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A pay rise is not the solution to increasing engagement

By PJ STEVENS Published 25th Sep 2013
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The annual CIPD survery reports that 37% of company employees are engaged in their work, a figure which has remained fairly constant over the past few years. Managers who want to improve performance in their organisation will naturally look at this figure and wonder how they can improve on it in their organisation. How do you incentivise people so that engagement increases?

Avoid cash incentives

Provided that your people are rewarded well for the work that they do compared to colleagues and people in other organisations in similar roles then money is unlikely to be the cause of a lack of engagement.

The problem with bonuses is that they become expected and, furthermore, an increase can become the expectation. Obviously with business cycles this cannot be sustained. So, bonuses after the first year lose their benefit and can become a huge problem if they need to be reduced.

So, what are the key elements to increasing engagement?

Understand that you need to engage the people you want to be engaged

It's not something that you can just expect people to feel. Yes, people should be grateful that they have a job and give it their all, however, they also deserve good leadership. Engage them with an interesting goal that is clear, relevant and measurable. Make it exciting.

Stretch your team, don't stress them

If a goal is a challenge and people have the skills and resources to make it happen it will be a stretch. Stretching is satisfying and very motivating for the people involved. To achieve something that seemed a challenge when you started out gives people a great sense of achievement. 

If the team does not have the required skills and resources then it is likely to be a stress. People quickly lose motivation when they are expected to do something and can see no way of doing it.

Empower people to get things done

Give competent people step changes in their responsibilities to allow them to achieve key objectives in a project. You don't need to think in terms of promotion, it can be as simple as adding a new person to someone's team who has extra skills. Within each promotion there may be several steps of increased responsibility which take them to the next level. Chart these and plan them.

There's no better way to increase someone's sense of engagement than to give them an important client or a project to work on that everyone is talking about.

Recognise people

At the most basic level this really does mean 'recognise people'. Know their names and enough about them to have a conversation that tells them that you know they exist as a person. Beyond that you need to know when they have achieved something and mention it.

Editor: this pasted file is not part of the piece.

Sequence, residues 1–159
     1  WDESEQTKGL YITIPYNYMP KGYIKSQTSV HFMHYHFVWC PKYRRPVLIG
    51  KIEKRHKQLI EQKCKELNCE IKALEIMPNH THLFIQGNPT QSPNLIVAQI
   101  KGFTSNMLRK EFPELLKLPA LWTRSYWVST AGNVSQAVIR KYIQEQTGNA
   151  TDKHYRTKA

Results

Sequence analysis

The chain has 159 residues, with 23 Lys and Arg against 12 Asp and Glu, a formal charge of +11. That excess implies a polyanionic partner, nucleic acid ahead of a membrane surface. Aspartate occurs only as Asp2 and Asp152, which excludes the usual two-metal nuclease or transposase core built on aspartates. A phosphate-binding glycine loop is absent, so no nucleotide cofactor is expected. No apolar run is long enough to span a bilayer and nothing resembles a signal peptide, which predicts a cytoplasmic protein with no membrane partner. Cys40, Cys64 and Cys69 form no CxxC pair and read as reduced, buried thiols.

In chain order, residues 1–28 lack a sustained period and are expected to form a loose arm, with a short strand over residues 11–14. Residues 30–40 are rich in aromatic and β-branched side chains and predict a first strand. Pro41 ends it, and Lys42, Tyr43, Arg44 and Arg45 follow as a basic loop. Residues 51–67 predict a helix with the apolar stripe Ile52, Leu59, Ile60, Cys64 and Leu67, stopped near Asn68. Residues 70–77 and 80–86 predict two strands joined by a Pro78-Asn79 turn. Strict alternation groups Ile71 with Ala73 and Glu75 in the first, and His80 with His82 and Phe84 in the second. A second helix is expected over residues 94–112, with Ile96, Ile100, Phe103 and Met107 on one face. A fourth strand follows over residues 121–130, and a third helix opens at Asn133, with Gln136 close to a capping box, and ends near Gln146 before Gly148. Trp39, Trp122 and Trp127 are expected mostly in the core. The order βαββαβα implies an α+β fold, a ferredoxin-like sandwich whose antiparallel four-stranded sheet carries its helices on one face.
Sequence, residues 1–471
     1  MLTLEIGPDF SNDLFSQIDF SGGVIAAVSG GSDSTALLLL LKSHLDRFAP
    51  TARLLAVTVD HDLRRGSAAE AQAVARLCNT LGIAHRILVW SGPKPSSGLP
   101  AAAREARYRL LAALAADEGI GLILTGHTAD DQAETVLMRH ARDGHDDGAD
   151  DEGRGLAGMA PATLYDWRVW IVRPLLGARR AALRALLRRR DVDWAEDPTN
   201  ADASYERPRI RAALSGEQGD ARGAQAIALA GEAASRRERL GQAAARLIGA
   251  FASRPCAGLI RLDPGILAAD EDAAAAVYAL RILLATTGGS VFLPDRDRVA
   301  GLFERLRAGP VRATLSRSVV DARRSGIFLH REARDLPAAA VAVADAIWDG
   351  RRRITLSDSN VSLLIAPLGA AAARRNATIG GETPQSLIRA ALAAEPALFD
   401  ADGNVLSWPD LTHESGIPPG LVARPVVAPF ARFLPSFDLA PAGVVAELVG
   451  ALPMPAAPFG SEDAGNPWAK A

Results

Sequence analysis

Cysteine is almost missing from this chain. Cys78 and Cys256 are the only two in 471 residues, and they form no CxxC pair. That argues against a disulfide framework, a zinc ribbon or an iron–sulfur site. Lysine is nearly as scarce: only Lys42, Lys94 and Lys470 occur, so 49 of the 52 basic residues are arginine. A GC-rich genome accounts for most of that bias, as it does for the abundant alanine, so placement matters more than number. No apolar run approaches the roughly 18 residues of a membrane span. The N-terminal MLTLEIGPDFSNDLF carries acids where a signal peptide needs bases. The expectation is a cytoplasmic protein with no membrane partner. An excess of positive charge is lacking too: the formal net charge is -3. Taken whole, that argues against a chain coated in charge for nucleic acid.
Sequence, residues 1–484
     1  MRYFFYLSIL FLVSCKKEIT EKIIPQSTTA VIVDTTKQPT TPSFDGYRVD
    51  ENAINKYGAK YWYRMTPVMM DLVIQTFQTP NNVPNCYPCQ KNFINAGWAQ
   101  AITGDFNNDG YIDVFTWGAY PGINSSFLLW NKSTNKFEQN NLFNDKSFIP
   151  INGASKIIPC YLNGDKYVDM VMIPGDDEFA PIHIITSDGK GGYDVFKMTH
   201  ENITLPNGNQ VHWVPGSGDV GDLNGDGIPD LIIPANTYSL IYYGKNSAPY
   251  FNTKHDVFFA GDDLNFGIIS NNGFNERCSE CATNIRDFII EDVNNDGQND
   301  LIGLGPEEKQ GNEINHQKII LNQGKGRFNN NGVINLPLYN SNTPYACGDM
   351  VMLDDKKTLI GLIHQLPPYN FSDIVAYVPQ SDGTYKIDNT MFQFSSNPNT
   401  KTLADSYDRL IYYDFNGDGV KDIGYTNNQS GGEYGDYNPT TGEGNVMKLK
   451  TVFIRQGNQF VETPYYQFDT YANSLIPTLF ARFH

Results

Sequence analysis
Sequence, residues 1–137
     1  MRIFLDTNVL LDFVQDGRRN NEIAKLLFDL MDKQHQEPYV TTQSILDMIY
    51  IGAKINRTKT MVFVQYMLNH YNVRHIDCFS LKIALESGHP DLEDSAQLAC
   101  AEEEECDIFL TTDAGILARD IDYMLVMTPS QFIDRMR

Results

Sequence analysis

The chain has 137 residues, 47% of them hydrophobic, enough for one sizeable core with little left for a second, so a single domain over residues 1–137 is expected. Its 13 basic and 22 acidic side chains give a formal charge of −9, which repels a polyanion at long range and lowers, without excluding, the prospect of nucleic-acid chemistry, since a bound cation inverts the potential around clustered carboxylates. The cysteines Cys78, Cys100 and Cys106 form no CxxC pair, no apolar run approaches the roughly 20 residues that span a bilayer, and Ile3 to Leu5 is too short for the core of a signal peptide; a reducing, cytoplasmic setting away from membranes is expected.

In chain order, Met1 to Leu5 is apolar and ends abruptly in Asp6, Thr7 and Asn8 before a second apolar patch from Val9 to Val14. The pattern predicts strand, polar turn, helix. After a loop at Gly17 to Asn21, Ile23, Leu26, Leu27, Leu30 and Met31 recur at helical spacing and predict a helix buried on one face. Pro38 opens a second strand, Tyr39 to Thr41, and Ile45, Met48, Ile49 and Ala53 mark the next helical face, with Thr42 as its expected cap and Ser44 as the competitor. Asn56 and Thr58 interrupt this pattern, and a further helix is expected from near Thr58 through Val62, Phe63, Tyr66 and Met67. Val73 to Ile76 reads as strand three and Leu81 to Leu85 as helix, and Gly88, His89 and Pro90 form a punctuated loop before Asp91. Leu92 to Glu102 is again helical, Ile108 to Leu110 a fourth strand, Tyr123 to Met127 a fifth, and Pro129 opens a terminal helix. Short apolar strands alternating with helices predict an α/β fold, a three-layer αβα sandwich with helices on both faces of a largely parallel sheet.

Sometimes it might be appropriate to do this in front of people, but often it's just as meaningful to do it in private. Sincerity is absolutely critical when you are doing this.

Don't favour some teams over others

In results driven organisations the sales team is often favoured over others. They may get more money, more perks and more attention. Sales teams that are doing well are often the most engaged in any organisation. It's the other supporting teams that may need the attention.

Look at the whole organisation, not just the room where the noise comes from.

Track and publish progress

Keep an eye on how your are doing against Key Performance Indicators and publish them. It may help to do this on a large chart that is visible to everyone to remind them of progress. This is fine when things are going well or targets are only being narrowly missed. However, when things are not going well it can be a problem. This is why it is essential to ensure that goals are realistic. Do not be afraid to change them if the wider market significantly changes; the recent financial upheavals have shown us how important it is to be flexible,

Offer some material incentives

It may be appropriate to offer such things as prizes and vouchers for specific achievements. If this is a large scheme then be sure to consider the tax implications. It is better for the organisation to absorb these that to pass them on to the employee.

Some companies offer time off as an incentive and this can be very effective. However, it can fall into the same issue as cash incentives in that it can become an expectation.

Training and development

An effective training and development programme can be a very good way of incentivising people. You can increase employee's skill sets for exisiting roles within your organisation or you can train people to cover tasks and projects that are currently being outsourced.

A common reason why organisations are reluctant to train employees is that it may result in them leaving the organisation with their new skills and taking them to another company. This is unavoidable and you need to look at career progression opportunities within your company when you are considering training and development. 

The reality is that if you don't have a programme because you're worried about losing people then you will probably lose those people anyway.

There are many ways that you can increase engagement and incentivise employees. Using money is, to some degree, the lazy choice but it's probably also the least effective choice. 

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207 weeks ago, by Aboodi
Interesting piece, PJ, thank you.

It made me think of the notion of intrinsic and extrinsic motivation, as explored in this piece by Lars van Tuin:

http://coolspace.nl/Coolspace/Artikelen/Entries/2013/8/19_Leadership_challenge__aligning_goals_&_values.html
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